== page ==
Weekend reads: Russell Brand's Revolution and Joy Division's Ian Curtis gets lyrical
And Lemony Snicket's author goes piratical
We Are Pirates
Daniel Handler is a writer and musician who is the author of many novels under his own name and also the nom de plume Lemony Snicket.
We Are Pirates is the story of Gwen Needle, a disaffected teenage girl who gets caught shoplifting and is sent by her parents to work in an old people’s home where she meets Errol, an ex-sailor whom she befriends.
Gwen is captivated by Errol’s nautical tales and dreams of derring-do on the high seas with her new friend Amber, possibly the only teen more disaffected than herself. They recruit Manny, a Haitian care assistant from the old folk’s home and hijack a showboat.
An improbable series of adventures ensue: mutiny; betrayal; being washed up ashore – all the usual ingredients of a nautical tale – as a mysterious reign of terror ensues in San Francisco Bay.
Daniel Handler has crafted a strange story indeed and his teenage heroines are a hoot. How’s this for teengirl sulk: “But Naomi even wore sunglasses at her. Every hallway was miles long until school stopped ...”
But there is also the parallel story of Gwen’s dad: Phil Needle, middle-aged, balding, with a druggy past – dreaming about it and not getting it, trapped in a loveless marriage with the neurotic Marina.
The pirate crew are a disparate shower, but there are some finely stirring libertarian lines sampled from pirate epics such as Rafael Sabatini’s Captain Blood and Richard Hughes’ A High Wind Of Jamaica:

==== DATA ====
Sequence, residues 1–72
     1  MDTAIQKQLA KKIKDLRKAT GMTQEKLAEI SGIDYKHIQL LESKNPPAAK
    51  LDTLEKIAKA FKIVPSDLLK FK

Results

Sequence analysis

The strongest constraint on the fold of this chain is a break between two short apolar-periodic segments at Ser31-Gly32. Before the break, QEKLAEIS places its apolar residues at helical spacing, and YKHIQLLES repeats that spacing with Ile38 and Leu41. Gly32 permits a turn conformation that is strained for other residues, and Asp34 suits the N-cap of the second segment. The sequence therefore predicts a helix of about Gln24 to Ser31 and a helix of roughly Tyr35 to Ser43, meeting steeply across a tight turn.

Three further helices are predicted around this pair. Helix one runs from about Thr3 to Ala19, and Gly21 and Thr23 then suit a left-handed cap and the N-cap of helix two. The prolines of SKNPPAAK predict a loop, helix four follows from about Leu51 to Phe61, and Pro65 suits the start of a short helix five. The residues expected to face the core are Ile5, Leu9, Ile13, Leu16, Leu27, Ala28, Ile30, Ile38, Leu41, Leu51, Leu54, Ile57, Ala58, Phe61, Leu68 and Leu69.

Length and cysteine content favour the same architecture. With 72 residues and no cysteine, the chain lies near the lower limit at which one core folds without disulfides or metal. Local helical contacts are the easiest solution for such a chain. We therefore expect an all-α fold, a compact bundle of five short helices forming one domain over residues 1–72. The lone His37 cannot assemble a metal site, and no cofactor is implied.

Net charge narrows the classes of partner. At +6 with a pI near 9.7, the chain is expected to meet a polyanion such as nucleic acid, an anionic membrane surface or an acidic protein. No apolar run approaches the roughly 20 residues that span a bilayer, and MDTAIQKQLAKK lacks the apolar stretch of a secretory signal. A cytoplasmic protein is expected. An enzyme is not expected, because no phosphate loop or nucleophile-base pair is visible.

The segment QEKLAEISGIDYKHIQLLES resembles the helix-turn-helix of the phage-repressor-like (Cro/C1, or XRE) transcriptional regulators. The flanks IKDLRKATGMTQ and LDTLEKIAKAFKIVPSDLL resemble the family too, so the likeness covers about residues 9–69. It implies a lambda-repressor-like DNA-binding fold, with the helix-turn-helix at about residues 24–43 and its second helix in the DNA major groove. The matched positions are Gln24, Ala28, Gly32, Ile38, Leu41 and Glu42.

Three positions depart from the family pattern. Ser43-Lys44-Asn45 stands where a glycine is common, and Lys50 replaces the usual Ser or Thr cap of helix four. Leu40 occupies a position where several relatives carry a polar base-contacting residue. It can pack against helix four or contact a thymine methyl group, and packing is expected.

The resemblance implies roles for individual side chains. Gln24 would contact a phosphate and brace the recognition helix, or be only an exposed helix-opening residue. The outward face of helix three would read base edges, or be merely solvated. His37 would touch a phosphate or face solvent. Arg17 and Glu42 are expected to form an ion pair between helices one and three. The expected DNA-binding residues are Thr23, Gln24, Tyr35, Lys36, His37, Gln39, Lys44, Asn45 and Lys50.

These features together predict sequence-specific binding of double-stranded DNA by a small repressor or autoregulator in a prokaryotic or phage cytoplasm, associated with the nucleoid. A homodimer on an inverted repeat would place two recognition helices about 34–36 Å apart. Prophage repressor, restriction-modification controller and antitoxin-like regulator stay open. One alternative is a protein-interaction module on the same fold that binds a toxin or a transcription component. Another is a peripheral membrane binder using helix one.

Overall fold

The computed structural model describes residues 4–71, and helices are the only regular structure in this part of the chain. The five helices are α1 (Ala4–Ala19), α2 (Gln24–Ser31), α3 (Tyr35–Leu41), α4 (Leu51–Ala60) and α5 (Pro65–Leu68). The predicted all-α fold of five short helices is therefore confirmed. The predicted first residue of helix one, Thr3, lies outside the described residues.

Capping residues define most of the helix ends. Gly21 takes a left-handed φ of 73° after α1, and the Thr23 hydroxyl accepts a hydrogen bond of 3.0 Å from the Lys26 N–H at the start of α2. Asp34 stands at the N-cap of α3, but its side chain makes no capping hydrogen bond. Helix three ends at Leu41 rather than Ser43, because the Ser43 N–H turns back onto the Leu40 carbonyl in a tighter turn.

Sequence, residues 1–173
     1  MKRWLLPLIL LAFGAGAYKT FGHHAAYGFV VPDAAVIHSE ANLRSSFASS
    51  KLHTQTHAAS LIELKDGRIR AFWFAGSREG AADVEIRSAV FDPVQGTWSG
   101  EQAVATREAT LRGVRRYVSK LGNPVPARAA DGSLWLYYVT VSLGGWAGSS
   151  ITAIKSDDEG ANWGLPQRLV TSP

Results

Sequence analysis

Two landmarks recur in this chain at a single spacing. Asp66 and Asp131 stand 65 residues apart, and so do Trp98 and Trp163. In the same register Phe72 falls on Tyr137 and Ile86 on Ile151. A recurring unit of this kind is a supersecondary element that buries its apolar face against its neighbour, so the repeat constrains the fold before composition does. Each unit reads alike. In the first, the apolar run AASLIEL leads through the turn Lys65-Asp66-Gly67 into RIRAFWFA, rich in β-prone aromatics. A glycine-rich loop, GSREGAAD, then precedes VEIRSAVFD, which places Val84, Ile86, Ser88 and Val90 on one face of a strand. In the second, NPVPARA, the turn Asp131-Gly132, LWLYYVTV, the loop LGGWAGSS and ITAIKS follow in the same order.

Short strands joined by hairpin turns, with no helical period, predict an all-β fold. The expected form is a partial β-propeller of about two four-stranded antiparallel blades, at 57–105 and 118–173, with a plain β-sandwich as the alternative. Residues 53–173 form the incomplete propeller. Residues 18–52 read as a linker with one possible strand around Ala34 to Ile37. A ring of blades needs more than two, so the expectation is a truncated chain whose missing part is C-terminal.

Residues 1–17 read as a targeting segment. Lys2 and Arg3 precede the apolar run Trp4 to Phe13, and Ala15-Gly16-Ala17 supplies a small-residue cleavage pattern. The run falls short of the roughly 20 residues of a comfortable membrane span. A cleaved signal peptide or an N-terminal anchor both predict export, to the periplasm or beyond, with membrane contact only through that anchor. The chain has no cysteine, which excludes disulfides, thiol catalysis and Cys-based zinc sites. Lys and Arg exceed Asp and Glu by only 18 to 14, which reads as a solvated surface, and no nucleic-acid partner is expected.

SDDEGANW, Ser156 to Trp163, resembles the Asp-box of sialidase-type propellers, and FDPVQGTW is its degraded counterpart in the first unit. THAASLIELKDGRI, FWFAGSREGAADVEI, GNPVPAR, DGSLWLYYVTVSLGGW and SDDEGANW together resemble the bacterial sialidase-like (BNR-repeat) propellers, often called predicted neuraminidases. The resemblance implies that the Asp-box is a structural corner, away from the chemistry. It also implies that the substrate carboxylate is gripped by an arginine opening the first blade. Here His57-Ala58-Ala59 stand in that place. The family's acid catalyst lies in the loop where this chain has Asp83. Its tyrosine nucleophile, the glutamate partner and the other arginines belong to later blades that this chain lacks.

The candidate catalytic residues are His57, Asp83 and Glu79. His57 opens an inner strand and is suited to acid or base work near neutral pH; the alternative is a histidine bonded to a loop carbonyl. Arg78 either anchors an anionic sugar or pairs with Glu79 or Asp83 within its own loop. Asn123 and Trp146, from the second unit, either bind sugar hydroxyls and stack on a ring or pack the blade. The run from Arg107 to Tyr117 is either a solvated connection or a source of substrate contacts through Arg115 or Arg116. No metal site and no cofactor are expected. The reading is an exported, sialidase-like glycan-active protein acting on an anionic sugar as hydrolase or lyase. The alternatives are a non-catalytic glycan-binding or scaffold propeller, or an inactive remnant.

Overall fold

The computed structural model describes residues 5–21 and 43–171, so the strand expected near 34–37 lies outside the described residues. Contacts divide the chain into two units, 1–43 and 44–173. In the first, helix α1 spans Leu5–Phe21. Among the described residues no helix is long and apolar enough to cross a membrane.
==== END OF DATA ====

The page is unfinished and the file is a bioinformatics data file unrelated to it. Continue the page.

“We are pirates! he crowed. “We are men and women without a country. We are outlaws in our lives and outcasts in our families. We are desperate, and so we seek a desperate fortune. We band ourselves together now to practice the trade of piracy on the high seas”
There are some equally inspiring, more up to date exhortations: “There is no dress code, but there are restrictions on language. You may say God. You may say Christ. You may say Goddamn or Christ on a stick. Shit, fuck, bullshit, motherfucking c**t, asshole. But you may not take to task a member of anyone’s family, as we are all family now, and the people who raised us are left on land to rot away.”
Needless to say such noble sentiments rapidly descend into farce.
Daniel Handler is light reading but has more class than most of the literature I have read this year. His characters are twisted, flawed and delightfully human, his story far-fetched enough to captivate and his observations of people’s interior workings insightful. Here is Phil Needle looking back on his dodgy outsider past:
“There was a look white people shared on the subway when other people were misbehaving and the more drugs he took the less often they shared it with him ...”
We Are Pirates is a curious tale, curiously told. It refuses to be either highbrow literature, genre fiction, teen fiction or adult fiction. It just goes its own sweet way and that is a fine thing. ®
Title We Are Pirates
Publisher Bloomsbury Circus
Price £12.99 (Hardback), £10.99 (eBook)
More info Publication web site